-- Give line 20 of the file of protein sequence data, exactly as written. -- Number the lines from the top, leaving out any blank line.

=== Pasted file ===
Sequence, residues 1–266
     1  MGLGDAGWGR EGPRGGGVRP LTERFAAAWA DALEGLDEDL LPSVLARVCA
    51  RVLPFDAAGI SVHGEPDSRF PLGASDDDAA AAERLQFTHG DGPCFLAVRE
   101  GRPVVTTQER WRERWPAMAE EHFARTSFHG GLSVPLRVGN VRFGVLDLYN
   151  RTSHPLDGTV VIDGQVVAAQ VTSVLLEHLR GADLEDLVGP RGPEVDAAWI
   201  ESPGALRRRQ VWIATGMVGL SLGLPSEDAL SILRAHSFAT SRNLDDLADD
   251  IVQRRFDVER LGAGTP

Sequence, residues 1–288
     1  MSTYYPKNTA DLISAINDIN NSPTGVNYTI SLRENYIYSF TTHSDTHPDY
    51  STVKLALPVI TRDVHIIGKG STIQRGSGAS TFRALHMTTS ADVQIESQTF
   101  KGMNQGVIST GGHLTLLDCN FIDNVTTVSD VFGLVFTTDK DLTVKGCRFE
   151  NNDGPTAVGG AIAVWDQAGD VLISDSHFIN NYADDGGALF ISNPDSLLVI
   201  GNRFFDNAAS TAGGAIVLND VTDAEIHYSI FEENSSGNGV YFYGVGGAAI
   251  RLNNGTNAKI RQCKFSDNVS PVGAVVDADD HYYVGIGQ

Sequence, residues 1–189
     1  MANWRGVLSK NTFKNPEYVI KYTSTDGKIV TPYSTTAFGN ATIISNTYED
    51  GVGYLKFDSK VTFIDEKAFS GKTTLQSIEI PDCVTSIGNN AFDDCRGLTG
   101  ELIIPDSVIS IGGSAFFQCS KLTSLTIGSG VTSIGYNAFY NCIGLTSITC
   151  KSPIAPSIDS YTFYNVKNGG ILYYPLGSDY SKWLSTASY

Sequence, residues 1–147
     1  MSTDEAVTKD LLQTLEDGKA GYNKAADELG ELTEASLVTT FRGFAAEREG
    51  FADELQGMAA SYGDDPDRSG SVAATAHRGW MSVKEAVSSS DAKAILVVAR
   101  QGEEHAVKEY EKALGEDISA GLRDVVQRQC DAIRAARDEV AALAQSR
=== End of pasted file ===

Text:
Sequence, residues 1–147